Suma Yagi

Born in Seattle, Washington, in 1927, Suma (Kato) Yagi was 15 years old when she and her family were forced to leave Seattle due to Executive Order 9066. Her family was sent to the Puyallup Assembly Center, then to the Minidoka concentration camp. Her family returned to Seattle at the end of World War II and she completed her senior year of high school. She married Takeo Yagi, who she met in the camp and they raised four children. Although being sent to Minidoka had a profound impact on her, she shared little of her experience with her children until well after she retired. She took a poetry writing course through the University of Washington Distance Learning program. That course and subsequent courses at the University of Washington and the Richard Hugo House opened up the world of poetry to her. Through poetry, Suma found a hidden voice that allowed her to share her previously suppressed emotions of being uprooted from her home and being put behind barbed wire. She was compelled to share her experiences so that what happened to her does not happen again.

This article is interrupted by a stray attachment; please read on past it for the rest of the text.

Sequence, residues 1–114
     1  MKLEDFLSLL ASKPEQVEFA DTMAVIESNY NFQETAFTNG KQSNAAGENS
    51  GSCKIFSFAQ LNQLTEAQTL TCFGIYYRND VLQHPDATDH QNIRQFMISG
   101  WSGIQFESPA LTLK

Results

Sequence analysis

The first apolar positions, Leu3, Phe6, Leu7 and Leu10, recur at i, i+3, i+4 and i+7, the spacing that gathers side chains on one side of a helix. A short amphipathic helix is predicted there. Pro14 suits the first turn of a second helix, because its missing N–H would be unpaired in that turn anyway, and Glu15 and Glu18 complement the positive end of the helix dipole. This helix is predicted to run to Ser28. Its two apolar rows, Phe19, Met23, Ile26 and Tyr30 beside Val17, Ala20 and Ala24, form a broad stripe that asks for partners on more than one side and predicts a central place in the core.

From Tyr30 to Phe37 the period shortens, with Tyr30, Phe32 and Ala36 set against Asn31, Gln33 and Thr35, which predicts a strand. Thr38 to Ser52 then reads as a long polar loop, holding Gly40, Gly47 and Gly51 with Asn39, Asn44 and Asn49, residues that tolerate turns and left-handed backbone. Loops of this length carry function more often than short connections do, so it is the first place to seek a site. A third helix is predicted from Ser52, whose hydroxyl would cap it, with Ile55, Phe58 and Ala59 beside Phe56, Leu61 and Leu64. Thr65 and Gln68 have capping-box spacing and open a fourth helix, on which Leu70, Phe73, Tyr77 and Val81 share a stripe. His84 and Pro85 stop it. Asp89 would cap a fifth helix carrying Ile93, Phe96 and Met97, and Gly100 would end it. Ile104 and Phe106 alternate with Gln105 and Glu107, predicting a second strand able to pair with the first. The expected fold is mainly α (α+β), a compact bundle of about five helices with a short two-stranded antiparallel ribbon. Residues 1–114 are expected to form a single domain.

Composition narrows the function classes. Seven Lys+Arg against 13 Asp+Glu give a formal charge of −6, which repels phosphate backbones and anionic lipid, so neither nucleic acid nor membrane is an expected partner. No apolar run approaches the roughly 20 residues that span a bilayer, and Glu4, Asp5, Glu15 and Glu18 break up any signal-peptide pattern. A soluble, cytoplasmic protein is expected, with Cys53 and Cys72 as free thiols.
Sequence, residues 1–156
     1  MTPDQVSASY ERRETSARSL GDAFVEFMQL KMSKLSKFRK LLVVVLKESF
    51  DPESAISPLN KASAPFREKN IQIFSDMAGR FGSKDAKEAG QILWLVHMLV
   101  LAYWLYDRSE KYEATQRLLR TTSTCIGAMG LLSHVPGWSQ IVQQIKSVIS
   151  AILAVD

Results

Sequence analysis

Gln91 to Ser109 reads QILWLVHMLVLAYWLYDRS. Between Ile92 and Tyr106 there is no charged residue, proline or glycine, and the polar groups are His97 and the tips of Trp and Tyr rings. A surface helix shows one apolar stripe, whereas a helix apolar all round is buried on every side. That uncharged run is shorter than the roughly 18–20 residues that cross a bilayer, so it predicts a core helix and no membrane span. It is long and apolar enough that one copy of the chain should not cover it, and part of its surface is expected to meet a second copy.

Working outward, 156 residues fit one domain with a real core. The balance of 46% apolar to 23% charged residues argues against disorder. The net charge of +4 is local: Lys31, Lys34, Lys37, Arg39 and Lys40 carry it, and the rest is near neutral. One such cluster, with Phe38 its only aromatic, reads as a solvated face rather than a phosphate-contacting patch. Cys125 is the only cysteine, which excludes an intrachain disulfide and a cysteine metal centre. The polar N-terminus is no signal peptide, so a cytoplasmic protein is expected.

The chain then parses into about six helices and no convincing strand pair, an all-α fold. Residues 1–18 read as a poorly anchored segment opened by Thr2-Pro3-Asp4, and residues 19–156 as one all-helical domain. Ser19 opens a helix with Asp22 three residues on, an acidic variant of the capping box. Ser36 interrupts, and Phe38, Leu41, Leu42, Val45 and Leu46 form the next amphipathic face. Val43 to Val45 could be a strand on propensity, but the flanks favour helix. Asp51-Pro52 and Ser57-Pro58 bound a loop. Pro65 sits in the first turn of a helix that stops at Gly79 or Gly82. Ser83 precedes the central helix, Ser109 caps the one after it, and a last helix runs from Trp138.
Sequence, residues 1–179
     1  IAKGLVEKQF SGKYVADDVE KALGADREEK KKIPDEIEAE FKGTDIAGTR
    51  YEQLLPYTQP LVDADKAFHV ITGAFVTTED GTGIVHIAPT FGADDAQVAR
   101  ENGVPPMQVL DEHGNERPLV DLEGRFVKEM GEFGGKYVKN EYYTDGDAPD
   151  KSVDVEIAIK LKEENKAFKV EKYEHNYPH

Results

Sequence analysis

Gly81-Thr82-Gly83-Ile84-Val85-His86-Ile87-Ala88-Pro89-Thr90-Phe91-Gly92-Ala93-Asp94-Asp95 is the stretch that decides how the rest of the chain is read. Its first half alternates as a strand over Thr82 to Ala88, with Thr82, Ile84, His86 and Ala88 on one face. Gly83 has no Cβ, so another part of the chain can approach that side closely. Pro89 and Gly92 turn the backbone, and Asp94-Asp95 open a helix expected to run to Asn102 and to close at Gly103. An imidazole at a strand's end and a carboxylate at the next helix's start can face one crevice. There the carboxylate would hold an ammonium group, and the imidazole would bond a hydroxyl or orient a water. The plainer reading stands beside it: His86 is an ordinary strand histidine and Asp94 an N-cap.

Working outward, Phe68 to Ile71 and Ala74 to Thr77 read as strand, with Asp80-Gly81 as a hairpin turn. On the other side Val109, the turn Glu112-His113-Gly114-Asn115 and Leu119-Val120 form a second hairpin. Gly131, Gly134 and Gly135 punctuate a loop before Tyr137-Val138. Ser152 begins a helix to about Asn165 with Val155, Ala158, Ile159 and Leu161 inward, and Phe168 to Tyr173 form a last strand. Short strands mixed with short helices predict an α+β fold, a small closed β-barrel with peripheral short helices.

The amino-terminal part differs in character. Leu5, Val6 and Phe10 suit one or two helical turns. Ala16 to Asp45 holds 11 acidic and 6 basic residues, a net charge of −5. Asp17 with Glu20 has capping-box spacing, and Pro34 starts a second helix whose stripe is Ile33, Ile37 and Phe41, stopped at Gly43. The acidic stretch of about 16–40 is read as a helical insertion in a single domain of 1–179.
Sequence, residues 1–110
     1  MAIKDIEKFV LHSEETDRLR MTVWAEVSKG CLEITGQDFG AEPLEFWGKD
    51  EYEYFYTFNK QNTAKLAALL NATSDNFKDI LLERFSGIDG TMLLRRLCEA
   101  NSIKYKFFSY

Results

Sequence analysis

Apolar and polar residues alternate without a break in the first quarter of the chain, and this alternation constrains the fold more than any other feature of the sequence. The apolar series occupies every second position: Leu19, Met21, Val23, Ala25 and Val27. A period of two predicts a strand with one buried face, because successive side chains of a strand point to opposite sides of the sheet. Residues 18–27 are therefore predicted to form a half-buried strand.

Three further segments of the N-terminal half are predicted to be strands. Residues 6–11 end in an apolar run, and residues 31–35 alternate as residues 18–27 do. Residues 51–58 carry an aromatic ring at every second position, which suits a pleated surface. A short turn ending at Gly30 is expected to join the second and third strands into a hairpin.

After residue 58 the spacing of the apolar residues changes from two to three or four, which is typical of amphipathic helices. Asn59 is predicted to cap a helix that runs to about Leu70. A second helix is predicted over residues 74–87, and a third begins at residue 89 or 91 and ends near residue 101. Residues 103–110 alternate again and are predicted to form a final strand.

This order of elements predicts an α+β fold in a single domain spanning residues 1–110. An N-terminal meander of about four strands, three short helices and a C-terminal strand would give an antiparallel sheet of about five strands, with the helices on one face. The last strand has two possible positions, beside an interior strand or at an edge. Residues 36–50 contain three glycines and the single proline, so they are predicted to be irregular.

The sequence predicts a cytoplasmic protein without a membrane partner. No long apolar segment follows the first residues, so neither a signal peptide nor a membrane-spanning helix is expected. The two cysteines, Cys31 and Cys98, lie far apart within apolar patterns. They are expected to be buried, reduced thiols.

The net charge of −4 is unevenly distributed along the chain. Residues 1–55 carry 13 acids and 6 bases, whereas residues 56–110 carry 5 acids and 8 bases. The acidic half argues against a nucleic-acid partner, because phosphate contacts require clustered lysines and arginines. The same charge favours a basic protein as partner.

A compilation of her poetry titled, A Japanese Name: An American Story, was published in 2016.

Updated February 2017


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Nikkei Uncovered: a poetry column


This month we feature Suma Yagi, an 89-year-old Nisei based in Seattle whose family was sent to Minidoka during World War II, and Toshi Washizu, a filmmaker originally from Japan who is now based in San Francisco. In light of the commemoration of Executive Order 9066 and the 75th anniversary since its signing on February 19, 1942, their poems are somewhat sobering reads in the context of 2017 and all the reasons we look back in order to take stock of the present and look ahead to the kind of “homeland” we wish to create for our communities. The theme of “homeland” asks…

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